The annual awareness campaign will soon be upon us. So how can you make the most of it, asks Vincent Forrester
Since launching in 2012, Stoptober has become one of the largest, most high-profile national health campaigns in the UK. Run every October by Public Health England (PHE), the campaign is based on research showing that smokers who give up for 28 days are five times more likely to quit completely. The six campaigns so far have driven more than one million smokers to try and quit.
Stoptober now forms part of PHE’s One You campaign that targets the unhealthy habits and behaviours – such as poor diet, smoking, excessive alcohol consumption and physical inactivity – that cost the NHS £11bn a year.
With most pharmacies now taking part in Stoptober, we spoke to two industry experts as well as PHE’s communications team to ask what advice they would offer
to pharmacists preparing for this year’s campaign.
1 Make a plan
Under the community pharmacy framework, pharmacies are expected – or required, in the case of Healthy Living Pharmacies (HLPs) – to complete six campaigns a year. Since Stoptober is at the same time every year, it makes planning for the campaigns straightforward. ‘If you know you’re going to do this in October, you can say: ‘OK, in the months beforehand, we need to decide what we’re going to put in place to augment the campaign,’ says Michael Holden, the principal associate at training group Pharmacy Complete.
It is important to be comprehensive in your thinking, says Gavin Birchall, a marketing expert who was formerly the operations director for pharmacy chain MedicX: ‘It’s about reviewing what you did last year to identify what worked and what didn’t work.’
2 Utilise the national campaign…
Stoptober is unlike many pharmacy campaigns in that it does not originate in pharmacy. This means there is ‘a huge amount of work – and awareness – out there already that you can build upon, which is great,’ says Mr Birchall. ‘You’re not starting from scratch.’
Central to this are the marketing products distributed for free by the Stoptober campaign. ‘They’ll offer some really high-quality promotional materials that
you could use, whether it be posters, social media banners or website banners,’ says Mr Birchall. ‘It will be really high-quality, really nicely prepared and designed and thought-out, and it will get across the key messages.’
PHE communications officer Philippa Simons points out that pharmacy teams can also signpost smokers to the Stoptober website, ‘where they will find a range of free and proven support tools, including apps, email and social media support’.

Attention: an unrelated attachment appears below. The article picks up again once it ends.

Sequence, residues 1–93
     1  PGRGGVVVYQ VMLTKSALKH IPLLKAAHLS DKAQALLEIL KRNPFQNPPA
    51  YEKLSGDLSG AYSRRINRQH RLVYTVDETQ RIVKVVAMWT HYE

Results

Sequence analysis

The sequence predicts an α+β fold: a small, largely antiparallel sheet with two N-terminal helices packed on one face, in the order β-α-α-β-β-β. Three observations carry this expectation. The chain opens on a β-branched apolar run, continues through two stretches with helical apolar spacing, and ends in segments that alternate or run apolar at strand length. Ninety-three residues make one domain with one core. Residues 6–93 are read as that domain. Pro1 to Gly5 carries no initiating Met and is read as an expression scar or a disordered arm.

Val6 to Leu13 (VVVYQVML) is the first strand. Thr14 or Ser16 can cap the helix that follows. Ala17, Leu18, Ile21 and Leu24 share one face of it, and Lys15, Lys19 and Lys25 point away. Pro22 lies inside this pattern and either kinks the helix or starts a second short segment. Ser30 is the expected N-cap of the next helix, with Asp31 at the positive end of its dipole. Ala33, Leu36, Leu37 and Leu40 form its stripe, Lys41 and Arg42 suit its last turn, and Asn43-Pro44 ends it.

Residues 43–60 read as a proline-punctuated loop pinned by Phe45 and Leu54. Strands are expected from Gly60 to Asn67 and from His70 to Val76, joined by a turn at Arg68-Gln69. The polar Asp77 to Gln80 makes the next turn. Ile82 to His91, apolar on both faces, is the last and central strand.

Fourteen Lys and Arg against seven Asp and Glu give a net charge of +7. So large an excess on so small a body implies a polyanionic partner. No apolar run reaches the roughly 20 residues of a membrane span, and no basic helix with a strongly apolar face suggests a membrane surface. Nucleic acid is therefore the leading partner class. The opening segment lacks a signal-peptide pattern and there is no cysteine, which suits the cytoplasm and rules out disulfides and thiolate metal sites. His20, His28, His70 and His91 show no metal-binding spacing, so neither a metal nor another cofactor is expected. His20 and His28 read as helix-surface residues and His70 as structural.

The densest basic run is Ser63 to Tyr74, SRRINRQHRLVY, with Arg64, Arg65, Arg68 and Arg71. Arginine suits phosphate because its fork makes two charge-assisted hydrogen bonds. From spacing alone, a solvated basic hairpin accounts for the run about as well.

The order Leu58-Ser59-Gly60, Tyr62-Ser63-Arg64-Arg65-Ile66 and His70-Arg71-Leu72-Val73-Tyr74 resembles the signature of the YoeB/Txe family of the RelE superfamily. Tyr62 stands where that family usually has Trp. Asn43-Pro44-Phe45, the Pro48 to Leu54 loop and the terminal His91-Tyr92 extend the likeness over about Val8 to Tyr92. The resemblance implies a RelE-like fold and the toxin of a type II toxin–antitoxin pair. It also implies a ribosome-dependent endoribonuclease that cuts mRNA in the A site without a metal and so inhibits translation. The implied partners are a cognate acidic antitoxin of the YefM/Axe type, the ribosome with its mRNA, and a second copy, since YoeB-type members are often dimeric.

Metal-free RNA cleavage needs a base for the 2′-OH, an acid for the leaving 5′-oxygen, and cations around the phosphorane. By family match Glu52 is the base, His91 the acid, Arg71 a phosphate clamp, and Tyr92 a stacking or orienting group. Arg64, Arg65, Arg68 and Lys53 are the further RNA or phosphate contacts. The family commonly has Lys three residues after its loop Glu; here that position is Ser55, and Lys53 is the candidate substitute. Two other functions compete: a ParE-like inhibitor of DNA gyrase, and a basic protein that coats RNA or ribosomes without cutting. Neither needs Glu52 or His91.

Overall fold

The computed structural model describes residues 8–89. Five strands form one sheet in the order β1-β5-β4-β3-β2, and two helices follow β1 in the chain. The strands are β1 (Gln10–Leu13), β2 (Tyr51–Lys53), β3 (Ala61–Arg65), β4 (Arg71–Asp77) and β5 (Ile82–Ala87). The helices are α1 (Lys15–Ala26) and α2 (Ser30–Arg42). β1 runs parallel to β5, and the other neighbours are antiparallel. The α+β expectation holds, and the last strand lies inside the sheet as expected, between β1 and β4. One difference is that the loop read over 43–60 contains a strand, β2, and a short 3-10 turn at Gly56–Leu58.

3 … but tailor your offering to your area
‘Obviously, the national campaign is targeted at a very wide, diverse group,’ says Mr Birchall. ‘It may be that your local population has some unusual characteristics that relate to their smoking behaviour, in which case you should understand those.’
4 Work with other pharmacies
Pharmacy Complete runs a private Facebook group for HLP health champions. ‘They can share ideas on what they’ve done, share pictures, ask questions
of each other and of us,’ says Mr Holden. ‘It’s great to see some of the stuff that comes through on that.’
He recommends local pharmacies join forces to promote Stoptober. ‘They may not collaborate in terms of business, but when it comes to adding value to the community through health promotion they will collaborate really well,’ he says. ‘It takes the pressure off one individual or one pharmacy; if several pharmacies are working together, the impact is bigger.’
5 Co-ordinate your own campaign
Ensure all your communications speak to each other and have the same message, says Mr Birchall. ‘Make sure you know exactly what you’re going to do and when: update your website at the same time as your social media channels; when the posters go up in the pharmacy, the bag stuffers get stuffed in the prescription bags. This way, it becomes a genuine campaign and multiple customer touchpoint, instead of just a poster stuck up on a noticeboard.’
6 Refresh your knowledge
With smoking trends changing – in particular, the emergence of e-cigarettes – it is worth brushing up on smoking cessation. Ms Simons points to the National Centre for Smoking Cessation and Training, which provides free online training modules on stop-smoking medicines.
‘Make sure the team are prepared in terms of changes in products, that the campaign reflects that and the team are prepared to answer questions and provide support that customers want,’ says Mr Birchall. ‘The object is satisfied quitters. It’s not achieving a quitter at all costs; it’s about getting them there in a way that means they’ll be a quitter for life.’
Mr Holden says Pharmacy Complete offers cards that explain how best to approach the conversation with a patient, because it can be a sensitive subject. ‘They use open discovery questions, which always start with “how” or “what”. You get a lot of information across by asking questions, rather than telling. Telling people they should give up is a waste of time.’